Customer and revenue churn don’t always do a good job at forecasting each other.

## Three Ways to Reduce Revenue Churn

How can you improve your customer retention?

Churn is a huge problem for businesses, but there are ways to combat it. These tips will help you reduce customer turnover.

### 1. Make Revenue Churn Visible to All Team Members

Improving the satisfaction of your customers is a collaborative effort. From sales to customer success to product, everyone plays a key role in ensuring customers are getting the most out of their subscription.

If you want your team to be on the same page, make sure you’re tracking all of your important key performance indicators (KPIs). Having all of your data in one centralized place makes it easy to see the big picture and can help inform day-to-day decision-making.

The Geckoboard dashboard is a great way to see all of your KPIs in one place. By gathering data from multiple sources, you can easily track progress and make informed decisions.

### 2. Onboard Customers Properly

The customer experience doesn’t stop after a customer pays you. It’s important to engage them right away and make sure they know how to use your product.

That’s where onboarding emails come in.

Onboarding emails are a great tool for engaging and delighting customers from their very first day as your client. They can also help to increase client lifetime value, and preemptively answer any inquiries about your product, which eliminates the need for resources in the future.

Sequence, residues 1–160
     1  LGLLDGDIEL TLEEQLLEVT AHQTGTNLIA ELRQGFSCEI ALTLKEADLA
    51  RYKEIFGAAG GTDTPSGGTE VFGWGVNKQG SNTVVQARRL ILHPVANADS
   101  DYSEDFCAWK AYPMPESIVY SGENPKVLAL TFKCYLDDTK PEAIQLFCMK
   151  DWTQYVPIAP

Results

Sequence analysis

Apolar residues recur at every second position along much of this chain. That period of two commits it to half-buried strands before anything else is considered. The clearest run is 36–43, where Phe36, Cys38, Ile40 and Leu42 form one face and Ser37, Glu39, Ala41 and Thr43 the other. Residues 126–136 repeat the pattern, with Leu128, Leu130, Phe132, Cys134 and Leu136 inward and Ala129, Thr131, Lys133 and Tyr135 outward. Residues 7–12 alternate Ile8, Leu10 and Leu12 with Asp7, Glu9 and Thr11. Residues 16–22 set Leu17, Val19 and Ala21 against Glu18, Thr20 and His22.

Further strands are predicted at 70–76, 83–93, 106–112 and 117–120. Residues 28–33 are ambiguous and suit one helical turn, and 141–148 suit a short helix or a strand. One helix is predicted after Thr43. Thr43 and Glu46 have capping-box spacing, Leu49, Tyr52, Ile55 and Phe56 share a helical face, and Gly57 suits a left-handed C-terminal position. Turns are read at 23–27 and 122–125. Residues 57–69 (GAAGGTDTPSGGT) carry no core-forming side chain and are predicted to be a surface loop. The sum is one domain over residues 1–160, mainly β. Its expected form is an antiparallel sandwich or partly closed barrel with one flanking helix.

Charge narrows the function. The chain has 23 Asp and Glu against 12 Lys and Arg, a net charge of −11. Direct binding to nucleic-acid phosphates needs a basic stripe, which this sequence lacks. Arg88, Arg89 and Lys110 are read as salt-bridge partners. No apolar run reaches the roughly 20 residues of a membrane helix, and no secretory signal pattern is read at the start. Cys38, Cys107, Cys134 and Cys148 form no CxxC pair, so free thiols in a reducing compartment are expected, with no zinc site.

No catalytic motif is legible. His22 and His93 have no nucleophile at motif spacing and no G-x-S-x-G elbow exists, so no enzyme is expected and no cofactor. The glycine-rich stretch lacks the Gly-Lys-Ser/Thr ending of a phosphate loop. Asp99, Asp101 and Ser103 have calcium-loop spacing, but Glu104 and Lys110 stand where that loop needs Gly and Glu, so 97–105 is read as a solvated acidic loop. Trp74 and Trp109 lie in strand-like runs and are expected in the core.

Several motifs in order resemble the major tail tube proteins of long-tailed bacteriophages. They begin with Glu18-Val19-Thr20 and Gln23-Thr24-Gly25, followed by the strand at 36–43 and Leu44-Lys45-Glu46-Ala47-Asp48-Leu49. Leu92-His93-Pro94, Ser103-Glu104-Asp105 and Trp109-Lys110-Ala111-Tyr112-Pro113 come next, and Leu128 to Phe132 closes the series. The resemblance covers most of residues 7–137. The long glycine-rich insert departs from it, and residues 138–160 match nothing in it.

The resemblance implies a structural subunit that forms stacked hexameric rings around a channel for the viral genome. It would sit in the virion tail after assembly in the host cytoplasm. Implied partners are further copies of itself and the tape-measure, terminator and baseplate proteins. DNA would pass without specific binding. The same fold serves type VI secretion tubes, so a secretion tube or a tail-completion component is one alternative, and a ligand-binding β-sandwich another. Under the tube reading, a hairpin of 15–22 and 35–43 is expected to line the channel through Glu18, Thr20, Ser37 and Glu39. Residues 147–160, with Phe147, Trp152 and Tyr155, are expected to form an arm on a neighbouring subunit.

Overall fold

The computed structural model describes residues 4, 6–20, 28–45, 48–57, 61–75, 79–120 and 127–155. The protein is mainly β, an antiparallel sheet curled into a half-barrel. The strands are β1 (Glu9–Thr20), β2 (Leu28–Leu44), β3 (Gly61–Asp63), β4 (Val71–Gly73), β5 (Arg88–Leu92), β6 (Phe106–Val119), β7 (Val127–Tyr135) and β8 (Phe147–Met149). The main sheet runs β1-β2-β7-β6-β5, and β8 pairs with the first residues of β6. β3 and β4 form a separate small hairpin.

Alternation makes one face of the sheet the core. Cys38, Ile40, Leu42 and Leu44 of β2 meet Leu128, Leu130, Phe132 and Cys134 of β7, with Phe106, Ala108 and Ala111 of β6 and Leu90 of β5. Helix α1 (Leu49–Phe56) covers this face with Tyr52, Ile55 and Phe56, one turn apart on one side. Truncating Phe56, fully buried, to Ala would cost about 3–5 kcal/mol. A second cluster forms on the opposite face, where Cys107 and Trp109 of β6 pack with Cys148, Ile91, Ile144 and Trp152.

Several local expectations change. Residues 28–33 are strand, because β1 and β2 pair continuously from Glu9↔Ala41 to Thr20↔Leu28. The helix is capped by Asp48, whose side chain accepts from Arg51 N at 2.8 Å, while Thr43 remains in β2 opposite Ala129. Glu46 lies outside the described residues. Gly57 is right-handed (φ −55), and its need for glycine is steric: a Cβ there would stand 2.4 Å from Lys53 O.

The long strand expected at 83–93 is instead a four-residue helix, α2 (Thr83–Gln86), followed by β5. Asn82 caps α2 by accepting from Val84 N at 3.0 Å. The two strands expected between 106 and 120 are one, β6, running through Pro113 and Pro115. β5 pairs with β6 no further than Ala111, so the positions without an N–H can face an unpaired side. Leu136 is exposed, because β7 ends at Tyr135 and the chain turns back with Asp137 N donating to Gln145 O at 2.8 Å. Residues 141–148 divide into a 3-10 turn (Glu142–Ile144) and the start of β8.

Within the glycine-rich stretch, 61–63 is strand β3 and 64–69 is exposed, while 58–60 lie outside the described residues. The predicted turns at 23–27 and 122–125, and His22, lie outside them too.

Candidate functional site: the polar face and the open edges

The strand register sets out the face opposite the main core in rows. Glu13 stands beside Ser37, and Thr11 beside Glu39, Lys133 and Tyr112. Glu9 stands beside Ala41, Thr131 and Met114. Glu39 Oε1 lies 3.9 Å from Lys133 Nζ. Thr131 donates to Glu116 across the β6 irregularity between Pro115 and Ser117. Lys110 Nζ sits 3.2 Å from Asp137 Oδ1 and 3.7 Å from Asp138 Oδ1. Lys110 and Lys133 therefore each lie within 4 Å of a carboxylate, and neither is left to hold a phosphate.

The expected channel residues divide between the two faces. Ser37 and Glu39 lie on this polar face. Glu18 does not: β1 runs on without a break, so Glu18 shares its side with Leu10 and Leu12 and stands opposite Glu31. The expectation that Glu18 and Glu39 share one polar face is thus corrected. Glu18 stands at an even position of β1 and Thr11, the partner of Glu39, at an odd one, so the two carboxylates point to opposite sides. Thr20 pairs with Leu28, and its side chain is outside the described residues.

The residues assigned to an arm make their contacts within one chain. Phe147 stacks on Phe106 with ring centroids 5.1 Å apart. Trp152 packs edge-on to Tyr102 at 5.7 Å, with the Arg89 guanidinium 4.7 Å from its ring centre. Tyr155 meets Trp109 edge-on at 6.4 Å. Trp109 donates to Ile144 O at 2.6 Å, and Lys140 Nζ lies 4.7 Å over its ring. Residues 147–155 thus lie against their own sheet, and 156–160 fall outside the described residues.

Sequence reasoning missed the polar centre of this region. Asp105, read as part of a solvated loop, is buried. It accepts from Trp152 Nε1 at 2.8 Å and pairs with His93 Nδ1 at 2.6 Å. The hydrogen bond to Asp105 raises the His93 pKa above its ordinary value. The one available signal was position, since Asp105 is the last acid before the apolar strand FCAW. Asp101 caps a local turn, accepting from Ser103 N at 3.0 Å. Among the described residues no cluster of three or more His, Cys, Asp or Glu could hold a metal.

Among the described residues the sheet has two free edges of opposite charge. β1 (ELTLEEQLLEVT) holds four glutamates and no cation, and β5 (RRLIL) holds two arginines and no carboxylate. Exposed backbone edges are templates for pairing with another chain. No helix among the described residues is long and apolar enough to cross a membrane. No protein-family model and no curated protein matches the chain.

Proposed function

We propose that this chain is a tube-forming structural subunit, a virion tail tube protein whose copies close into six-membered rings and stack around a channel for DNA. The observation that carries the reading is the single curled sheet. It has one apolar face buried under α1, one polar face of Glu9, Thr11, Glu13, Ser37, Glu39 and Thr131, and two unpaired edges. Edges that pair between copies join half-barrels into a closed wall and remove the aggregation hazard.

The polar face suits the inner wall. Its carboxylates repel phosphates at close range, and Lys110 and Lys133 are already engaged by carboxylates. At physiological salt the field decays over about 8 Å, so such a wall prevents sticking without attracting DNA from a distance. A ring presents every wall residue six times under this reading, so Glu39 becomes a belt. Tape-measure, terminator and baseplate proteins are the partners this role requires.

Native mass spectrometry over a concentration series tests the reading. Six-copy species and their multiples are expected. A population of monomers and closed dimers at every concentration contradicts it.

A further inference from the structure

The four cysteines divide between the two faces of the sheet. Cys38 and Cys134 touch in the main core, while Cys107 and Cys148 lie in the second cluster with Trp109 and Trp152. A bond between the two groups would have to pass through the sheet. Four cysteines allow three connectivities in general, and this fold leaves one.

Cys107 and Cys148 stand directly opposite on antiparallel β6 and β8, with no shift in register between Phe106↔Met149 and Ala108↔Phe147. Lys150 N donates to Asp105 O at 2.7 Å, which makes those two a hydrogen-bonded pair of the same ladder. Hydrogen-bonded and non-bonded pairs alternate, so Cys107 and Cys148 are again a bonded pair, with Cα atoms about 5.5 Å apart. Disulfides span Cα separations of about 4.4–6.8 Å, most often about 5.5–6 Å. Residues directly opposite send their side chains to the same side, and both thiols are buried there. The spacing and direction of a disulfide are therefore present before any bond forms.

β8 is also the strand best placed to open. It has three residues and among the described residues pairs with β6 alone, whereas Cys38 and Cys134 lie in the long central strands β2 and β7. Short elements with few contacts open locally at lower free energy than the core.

Take a look at this template for a standout Welcome email, which should be sent out to new customers within 24 hours of them signing up for your service.

The key components of this outreach email are a friendly, personalized opening, links to useful resources on the company website, and a call to action. The tone is friendly and conversational.

Your welcome email is the most important one to send, as on average, it has over a 60% open rate.

### 3. Use a Dunning Management System to Prevent Failed Charges

I have some bad news for you.

Even if you have an excellent KPI dashboard and create a great onboarding email sequence, your business could still experience revenue churn due to failed charges.

Failed charges happen for three reasons:

When a call fails, it’s typically due to one of three reasons:

• Insufficient funds
• Expired credit cards
• Incorrect payment information

By using a dunning management system, you can help prevent failed charges and keep your churn rate low.

Typically, following up on unpaid invoices and contacting delinquent accounts would fall within the realm of an Accounts Receivables department. However, doing this by hand is tedious and ineffective.

When a payment is missed, dunning management systems automate the follow-up, increasing the chance that the delinquent customer will pay.

By adopting a proactive customer service approach, you can reduce the likelihood of customers experiencing any interruptions in service.

## Conclusion

It’s tough to say which is more important: customer churn vs revenue churn. Both can have a significant impact on your business. But if you had to choose one, customer churn might be the slightly more important metric to focus on.